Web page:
‘For low wind speeds of u∞=5−6 m⋅s−1 and 325° ± 5° inflow, the total power of the six turbines increased from a temporal average of 390 kW to 570 kW, representing a 47% increase.’
    Or in other words, from about 3.5% of nameplate output to 5%. Unsurprisingly, they note ‘the resulting gains in annual energy production were insignificant at this farm’.
    Roughly speaking, the power of the wind goes with the cube of the windspeed, so if the turbine is designed for maximum power at 24 knots – a pretty stiff wind – then at twelve knots it will only be making an eighth of that. Twelve knots would still be classed as a good breeze by most people, but it won’t be making much power. If you’re just flying kites, sailing yachts, or drying your washing, that’s fine, but if you’re trying to power a grid, or even harder, charge up batteries to power a grid, the capacity factor is well below what would be acceptable in any fossil fueled plant. Since fossil fueled plants are what we’re trying to replace, wind is not going to achieve the deep carbon cuts that we need.
    It’s interesting that most of John Dabiri’s scientific papers have been on vertical axis wind turbines, which have proved in practice to be much more unreliable and unproductive than the standard Danish three-blade horizontal axis machines. (They vibrate themselves to bits, over time – metal fatigue from self-induced turbulence.)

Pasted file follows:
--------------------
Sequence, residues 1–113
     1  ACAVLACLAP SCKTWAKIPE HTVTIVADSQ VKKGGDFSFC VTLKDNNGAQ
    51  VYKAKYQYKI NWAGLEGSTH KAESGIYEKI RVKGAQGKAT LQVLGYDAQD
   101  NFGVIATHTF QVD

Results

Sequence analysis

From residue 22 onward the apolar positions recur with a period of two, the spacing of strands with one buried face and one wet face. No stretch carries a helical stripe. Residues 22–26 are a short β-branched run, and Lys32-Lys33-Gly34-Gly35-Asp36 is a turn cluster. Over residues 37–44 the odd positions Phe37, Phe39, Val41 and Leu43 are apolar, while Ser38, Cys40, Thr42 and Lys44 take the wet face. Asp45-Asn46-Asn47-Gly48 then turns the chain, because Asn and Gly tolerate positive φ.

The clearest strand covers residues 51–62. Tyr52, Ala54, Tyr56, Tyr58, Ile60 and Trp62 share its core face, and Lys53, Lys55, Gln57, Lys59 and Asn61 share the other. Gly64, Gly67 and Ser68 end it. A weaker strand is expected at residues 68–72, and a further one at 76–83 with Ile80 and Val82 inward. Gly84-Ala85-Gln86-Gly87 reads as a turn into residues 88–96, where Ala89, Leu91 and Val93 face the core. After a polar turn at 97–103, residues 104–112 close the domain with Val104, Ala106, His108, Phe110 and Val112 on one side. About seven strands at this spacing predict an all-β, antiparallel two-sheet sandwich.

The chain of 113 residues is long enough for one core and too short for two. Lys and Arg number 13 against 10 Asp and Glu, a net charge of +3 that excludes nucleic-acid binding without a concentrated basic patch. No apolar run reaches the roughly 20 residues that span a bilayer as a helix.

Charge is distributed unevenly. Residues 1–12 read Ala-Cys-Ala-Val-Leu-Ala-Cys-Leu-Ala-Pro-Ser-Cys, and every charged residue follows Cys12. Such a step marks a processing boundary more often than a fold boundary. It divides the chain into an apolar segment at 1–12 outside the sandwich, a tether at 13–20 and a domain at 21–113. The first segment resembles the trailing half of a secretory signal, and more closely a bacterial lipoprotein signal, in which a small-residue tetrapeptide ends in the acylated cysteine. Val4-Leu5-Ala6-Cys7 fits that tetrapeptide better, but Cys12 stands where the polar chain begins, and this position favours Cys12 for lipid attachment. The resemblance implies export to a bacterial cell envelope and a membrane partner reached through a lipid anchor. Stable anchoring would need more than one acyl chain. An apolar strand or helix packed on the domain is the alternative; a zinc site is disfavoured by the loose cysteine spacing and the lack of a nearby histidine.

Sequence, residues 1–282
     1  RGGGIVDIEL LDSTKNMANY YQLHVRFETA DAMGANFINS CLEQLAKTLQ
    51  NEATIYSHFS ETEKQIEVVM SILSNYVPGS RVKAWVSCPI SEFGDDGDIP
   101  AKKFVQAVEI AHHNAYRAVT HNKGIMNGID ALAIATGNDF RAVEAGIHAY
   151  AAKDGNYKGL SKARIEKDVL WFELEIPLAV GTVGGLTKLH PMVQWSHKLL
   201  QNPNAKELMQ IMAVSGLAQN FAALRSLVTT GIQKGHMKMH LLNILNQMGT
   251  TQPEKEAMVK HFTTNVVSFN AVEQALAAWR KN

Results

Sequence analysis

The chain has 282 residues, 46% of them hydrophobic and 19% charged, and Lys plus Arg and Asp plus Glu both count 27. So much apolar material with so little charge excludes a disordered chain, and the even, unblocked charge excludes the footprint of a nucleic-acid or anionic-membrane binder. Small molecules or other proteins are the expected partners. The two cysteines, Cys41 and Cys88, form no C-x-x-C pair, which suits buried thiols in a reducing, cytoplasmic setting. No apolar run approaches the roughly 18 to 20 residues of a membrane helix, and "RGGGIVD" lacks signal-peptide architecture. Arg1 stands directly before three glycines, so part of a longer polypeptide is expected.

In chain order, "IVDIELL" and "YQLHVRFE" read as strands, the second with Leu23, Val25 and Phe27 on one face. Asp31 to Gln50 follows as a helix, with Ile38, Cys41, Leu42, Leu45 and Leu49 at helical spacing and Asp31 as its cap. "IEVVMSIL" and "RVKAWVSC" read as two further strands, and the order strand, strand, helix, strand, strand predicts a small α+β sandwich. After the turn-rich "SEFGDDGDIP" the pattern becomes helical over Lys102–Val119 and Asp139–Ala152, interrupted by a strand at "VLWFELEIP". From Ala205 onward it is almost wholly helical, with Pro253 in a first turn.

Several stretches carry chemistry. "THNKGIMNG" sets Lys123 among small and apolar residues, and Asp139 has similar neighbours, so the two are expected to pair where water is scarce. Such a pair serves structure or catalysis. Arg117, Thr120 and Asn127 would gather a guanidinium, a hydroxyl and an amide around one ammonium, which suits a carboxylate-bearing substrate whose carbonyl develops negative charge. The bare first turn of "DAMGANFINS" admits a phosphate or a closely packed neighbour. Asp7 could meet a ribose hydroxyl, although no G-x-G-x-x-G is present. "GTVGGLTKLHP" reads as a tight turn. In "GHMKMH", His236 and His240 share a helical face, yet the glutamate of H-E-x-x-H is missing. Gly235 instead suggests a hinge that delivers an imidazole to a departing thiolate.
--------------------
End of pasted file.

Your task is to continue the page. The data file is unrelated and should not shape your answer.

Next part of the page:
• redskylite Says:

      All depends where you live on this planet, wind is doing fine in such places as Scotland .

      and nuclear may help in some locations (without persistent winds) now they are investing sufficient money in it to sort out the overheating problems ..

      • J4Zonian Says:

        Yeah, places like Scotland, England, Wales, China, US, Germany, India, Spain…
        And offshore especially: Denmark, Netherlands, Belgium, Sweden, Vietnam, Finland, Japan, S. Korea, Ireland…

        Soon the US east coast, (30 MW built, 30,000 planned for the next 5 years or so) US west coast… and other areas. Because of dropping prices, even the US Southeast resistance to wind power is crumbling, despite the Kochs.